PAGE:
Her grieving parents, Gareth and Emma Burgess, suspect a cover-up of the hospital’s failings, alleging that that evidence then vanished from the side ward where Sophie died, along with pages of her medical notes. They have been fighting “tooth and nail” to uncover the truth.
“She must have been in so much pain”
Sophie had been rushed to A&E at St Peter’s Hospital in Surrey, following a seizure on 16 June last year. She was prescribed the anti-epileptic drug phenytoin by paediatric consultant Dr Fiona MacCarthy, and had the drug administered by Syrian-trained Dr Lojein Hatahet.
However, the administration ended up being a lethal overdose. “Sophie started to be sick. I tried to turn her over but I couldn’t because Dr Hatahet was standing over her and just carried on injecting her,” said Gareth, of the moment when Hatahet had injected his daughter.
“Sophie started to cough and splutter, her eyes were fluttering and she was going rigid. She looked like a rabbit in the headlights,” said the devastated father.
“That morning she had called me “Dada” for the first time. Now she was looking at me with this frightened expression. I will never forget it. She must have been in so much pain.”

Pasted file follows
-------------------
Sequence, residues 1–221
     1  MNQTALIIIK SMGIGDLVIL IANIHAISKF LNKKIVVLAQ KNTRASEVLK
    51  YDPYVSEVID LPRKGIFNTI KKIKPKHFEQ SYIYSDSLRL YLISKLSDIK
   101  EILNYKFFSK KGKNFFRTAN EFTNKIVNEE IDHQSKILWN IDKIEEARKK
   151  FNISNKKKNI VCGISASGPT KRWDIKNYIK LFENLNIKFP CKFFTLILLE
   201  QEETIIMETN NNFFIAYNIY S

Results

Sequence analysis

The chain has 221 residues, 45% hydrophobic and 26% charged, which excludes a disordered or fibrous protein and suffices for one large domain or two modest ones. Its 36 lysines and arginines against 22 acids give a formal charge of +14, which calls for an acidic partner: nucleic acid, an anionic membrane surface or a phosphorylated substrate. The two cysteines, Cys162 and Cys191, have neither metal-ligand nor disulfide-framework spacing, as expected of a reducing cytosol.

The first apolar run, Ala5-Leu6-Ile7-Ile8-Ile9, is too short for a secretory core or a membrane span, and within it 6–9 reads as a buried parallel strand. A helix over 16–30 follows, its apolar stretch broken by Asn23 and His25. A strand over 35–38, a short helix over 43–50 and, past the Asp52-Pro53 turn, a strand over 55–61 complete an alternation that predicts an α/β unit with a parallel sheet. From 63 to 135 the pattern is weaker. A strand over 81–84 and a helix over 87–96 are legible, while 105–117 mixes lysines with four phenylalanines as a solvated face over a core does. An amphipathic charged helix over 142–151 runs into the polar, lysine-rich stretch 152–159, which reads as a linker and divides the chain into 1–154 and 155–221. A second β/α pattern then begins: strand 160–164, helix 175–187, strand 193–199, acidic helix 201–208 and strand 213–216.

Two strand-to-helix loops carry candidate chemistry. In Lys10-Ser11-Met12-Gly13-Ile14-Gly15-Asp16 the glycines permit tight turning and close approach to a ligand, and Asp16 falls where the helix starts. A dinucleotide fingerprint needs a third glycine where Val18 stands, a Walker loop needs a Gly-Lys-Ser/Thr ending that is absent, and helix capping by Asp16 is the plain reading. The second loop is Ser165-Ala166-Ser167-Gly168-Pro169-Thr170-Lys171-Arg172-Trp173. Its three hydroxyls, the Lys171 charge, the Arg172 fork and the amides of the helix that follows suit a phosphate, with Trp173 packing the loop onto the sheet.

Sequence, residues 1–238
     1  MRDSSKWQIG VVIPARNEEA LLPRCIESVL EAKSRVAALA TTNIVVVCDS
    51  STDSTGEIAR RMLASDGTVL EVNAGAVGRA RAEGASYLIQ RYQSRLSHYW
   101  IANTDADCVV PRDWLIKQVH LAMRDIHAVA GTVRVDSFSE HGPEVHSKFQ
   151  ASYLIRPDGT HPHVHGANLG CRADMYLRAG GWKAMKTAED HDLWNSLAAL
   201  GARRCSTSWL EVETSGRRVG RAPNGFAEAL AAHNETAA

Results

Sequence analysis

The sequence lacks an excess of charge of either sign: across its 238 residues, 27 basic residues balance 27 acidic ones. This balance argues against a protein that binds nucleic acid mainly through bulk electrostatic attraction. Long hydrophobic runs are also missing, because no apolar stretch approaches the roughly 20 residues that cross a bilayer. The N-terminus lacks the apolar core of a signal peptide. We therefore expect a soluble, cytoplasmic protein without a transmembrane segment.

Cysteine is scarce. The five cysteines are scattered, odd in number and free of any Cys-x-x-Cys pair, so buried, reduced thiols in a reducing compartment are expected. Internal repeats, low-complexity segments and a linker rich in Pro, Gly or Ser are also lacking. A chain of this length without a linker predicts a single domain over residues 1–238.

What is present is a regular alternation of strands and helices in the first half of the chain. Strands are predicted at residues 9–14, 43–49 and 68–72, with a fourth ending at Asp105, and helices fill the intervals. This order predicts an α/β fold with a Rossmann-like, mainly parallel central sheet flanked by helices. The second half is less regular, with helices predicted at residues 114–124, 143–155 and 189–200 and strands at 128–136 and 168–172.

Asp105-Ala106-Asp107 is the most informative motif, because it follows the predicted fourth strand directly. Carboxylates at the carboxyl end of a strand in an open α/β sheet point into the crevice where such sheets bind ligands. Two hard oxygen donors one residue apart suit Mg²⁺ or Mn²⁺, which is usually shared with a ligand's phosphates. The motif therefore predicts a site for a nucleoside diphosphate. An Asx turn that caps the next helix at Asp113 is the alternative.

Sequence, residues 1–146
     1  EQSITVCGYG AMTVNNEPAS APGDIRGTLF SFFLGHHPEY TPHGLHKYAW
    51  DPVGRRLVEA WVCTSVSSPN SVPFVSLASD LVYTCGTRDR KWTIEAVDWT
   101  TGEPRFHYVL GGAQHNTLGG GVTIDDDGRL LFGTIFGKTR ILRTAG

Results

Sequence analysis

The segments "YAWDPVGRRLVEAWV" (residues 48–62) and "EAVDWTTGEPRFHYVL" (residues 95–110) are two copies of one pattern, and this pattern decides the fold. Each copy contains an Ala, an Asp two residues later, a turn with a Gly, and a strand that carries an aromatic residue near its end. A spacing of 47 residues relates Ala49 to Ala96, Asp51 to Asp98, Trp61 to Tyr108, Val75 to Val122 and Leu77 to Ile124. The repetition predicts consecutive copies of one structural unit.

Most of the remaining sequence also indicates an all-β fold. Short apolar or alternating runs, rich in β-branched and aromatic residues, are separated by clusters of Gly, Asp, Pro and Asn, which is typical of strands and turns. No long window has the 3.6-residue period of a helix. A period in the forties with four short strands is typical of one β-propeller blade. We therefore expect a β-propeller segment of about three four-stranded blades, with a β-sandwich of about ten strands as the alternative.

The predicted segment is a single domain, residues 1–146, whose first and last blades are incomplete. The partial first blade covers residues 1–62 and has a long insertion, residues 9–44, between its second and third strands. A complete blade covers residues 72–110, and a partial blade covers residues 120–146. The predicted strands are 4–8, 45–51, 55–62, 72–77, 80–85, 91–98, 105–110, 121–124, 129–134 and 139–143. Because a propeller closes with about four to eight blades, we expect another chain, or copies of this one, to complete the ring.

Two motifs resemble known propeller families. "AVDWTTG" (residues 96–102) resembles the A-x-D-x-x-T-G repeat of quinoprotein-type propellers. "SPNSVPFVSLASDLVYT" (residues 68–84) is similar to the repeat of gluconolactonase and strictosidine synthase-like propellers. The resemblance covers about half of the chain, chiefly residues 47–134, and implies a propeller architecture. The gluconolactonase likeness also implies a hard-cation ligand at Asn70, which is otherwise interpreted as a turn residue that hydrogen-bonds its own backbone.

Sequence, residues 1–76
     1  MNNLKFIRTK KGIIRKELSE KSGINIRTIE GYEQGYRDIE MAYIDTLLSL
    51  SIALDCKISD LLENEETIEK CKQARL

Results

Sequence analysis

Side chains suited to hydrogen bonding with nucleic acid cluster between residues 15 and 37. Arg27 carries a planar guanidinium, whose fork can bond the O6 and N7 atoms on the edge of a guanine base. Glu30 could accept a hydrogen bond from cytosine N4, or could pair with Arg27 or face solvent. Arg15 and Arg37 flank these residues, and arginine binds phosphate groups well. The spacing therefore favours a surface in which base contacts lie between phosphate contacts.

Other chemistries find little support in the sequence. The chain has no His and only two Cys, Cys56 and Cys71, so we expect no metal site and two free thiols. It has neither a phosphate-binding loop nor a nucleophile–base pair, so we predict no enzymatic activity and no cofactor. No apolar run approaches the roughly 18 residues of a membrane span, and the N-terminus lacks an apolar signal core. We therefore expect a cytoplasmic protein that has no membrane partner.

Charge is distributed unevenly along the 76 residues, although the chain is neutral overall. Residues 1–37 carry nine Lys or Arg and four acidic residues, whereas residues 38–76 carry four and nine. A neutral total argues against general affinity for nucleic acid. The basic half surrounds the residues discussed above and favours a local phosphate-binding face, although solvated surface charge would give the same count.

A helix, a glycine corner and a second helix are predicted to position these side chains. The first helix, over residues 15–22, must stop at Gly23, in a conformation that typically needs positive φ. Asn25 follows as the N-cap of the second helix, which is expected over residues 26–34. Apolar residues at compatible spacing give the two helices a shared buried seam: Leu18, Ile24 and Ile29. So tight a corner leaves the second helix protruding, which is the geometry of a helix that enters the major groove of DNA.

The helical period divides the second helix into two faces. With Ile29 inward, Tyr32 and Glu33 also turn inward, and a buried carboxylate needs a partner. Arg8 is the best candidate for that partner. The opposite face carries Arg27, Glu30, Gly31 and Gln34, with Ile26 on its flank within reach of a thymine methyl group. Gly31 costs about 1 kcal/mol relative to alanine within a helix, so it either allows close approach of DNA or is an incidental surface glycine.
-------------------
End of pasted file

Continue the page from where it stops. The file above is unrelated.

Medics then tried for an hour, unsuccessfully, to resuscitate her. An initial post-mortem concluded the cause of death to be cardiac arrest, but the toxicology results, which arrived several weeks later, revealed the overdose.
Sophie had had 7.65 times the recommended dose of phenytoin in her blood.
“I strongly believe it’s a drug Sophie should never have had, and they gave her a massive amount,” said Emma.
A possible cover-up by the hospital
Just hours after Sophie’s death, the Burgesses were investigated by the police, who declared their home a crime scene. Forensic officers, too, took Sophie’s bedding and toys “in case they later became relevant”. The Burgesses are convinced that these are all part of a cover-up for failings at the hospital.
The Burgess’ barrister, Clodagh Bradley QC, have accused the doctors of the cover-up. “They are giving accounts that contradict medical records, they contradict witnesses and they have something to lose – criminal charges potentially being brought against them.”
She added that Dr MacCarthy had called the police after Sophie died. “Our concern is whether someone who knew they had made a serious error was trying to deflect attention from the medical management, which led to a loss of evidence.”
These allegations were made at a pre-inquest review, ahead of a full hearing in June. The doctors have declined to comment, while a spokesman said the hospital offered “sincere sympathies to Sophie Burgess’s family, alongside our apologies for her tragic death”. MIMS
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